|Eadwulf||a monk of Winchester, expelled by Roger of Salisbury|
|Roger of Salisbury||1118|
|John of Malmsbury||1139||1140||appointed by King Stephen after he took the abbey during the Anarchy|
|Peter Moraunt||1141||1159||obtained a bull of Pope Innocent II|
|Robert||1172||1176||a physician to Henry II|
|Nicholas||deposed for running into debt 218[clarification needed]|
|Robert of Melûn||1189||1206|
|Walter Loring||1206||1222||signed Magna Charta, received papal bull from Innocent III |
and gained permission from King John to demolish Malmesbury Castle.
|Geoffrey, sacristan||1246||1260||a monk of Malmesbury|
|William of Colerne||1260||1296|
|William of Badminton||1296|
|Adam de la Hoke||a monk of Malmesbury|
|Adam by John of Tintern||1349|
|Simon de Aumeney||1348||1361|
|Walter de Camme||1362||1396|
|Richard Selwyn||surrendered the Abbey to Henry VIII in 1539|
The Abbey, which owned 23,000 acres (93 km2) in the twenty parishes that constituted Malmesbury Hundred, was closed at the Dissolution of the Monasteries in 1539 by Henry VIII and was sold, with all its lands, to William Stumpe, a rich merchant. He returned the abbey church to the town for continuing use as a parish church, and filled the abbey buildings with twenty looms for his cloth-weaving enterprise.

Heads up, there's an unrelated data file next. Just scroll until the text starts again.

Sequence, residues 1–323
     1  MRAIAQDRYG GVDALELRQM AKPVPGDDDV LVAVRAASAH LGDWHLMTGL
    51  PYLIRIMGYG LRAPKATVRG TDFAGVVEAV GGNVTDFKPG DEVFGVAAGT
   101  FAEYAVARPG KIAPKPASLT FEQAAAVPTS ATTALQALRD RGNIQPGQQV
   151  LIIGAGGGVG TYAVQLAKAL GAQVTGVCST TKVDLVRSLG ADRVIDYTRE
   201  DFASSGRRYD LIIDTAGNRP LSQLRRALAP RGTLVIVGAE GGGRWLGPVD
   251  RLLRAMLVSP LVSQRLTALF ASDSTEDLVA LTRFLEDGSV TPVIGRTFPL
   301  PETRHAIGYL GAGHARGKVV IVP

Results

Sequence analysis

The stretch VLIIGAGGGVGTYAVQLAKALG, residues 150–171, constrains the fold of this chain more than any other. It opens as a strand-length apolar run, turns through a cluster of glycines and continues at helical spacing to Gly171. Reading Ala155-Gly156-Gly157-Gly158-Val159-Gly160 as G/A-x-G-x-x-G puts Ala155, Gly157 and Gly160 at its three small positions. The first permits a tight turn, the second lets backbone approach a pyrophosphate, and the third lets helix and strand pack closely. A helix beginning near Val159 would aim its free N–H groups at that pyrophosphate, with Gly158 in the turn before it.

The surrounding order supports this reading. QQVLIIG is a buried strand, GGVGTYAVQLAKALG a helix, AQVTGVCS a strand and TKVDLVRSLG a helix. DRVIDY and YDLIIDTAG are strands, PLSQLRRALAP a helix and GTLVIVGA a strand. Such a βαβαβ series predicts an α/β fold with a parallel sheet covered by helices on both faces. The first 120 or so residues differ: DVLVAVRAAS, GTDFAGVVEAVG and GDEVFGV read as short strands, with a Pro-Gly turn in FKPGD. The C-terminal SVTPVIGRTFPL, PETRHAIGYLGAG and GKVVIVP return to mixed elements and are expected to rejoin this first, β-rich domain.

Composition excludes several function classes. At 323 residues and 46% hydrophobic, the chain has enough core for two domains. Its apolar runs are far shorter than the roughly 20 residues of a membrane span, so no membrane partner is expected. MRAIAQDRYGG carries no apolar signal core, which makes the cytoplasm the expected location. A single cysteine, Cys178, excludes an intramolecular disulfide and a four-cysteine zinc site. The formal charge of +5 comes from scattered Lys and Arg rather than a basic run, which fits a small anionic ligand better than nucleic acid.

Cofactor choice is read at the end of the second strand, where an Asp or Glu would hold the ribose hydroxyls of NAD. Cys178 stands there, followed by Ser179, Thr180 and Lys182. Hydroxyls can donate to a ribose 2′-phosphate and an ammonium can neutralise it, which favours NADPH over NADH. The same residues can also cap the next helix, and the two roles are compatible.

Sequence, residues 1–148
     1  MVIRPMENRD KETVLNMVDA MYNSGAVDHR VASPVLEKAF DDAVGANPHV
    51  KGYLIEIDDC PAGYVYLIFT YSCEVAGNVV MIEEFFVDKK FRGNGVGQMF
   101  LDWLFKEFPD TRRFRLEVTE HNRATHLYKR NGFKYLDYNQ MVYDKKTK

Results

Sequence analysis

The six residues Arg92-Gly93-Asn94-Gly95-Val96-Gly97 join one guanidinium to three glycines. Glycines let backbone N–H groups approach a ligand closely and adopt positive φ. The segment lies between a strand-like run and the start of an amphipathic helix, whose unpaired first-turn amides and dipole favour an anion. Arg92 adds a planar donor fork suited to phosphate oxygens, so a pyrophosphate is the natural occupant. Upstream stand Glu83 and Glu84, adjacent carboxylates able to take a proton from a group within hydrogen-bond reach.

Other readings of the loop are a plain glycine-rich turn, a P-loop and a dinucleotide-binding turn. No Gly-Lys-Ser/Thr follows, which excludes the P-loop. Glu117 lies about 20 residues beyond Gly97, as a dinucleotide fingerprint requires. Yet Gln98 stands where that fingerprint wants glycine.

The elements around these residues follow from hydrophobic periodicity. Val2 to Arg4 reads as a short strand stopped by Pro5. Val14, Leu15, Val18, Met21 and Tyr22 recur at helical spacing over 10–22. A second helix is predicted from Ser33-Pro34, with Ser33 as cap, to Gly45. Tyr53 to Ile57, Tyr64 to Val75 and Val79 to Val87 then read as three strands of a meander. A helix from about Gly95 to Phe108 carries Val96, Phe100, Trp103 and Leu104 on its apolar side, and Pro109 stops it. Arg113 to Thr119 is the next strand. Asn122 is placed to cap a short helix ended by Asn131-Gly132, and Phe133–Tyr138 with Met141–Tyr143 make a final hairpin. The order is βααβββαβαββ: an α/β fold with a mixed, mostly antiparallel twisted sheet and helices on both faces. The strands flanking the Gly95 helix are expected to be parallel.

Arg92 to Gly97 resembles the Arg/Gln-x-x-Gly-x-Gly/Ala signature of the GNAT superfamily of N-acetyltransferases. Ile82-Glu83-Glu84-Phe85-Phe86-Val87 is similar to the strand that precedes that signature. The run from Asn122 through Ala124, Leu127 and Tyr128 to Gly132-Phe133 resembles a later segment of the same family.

The west tower fell around 1550, demolishing the three westernmost bays of the nave. As a result of these two collapses, less than half of the original building stands today. During the English Civil War, Malmesbury is said to have changed hands as many as seven times, and the abbey was fiercely fought over. Hundreds of pock-marks left by bullets and shot can still be seen on the south, west and east sides of the Abbey walls.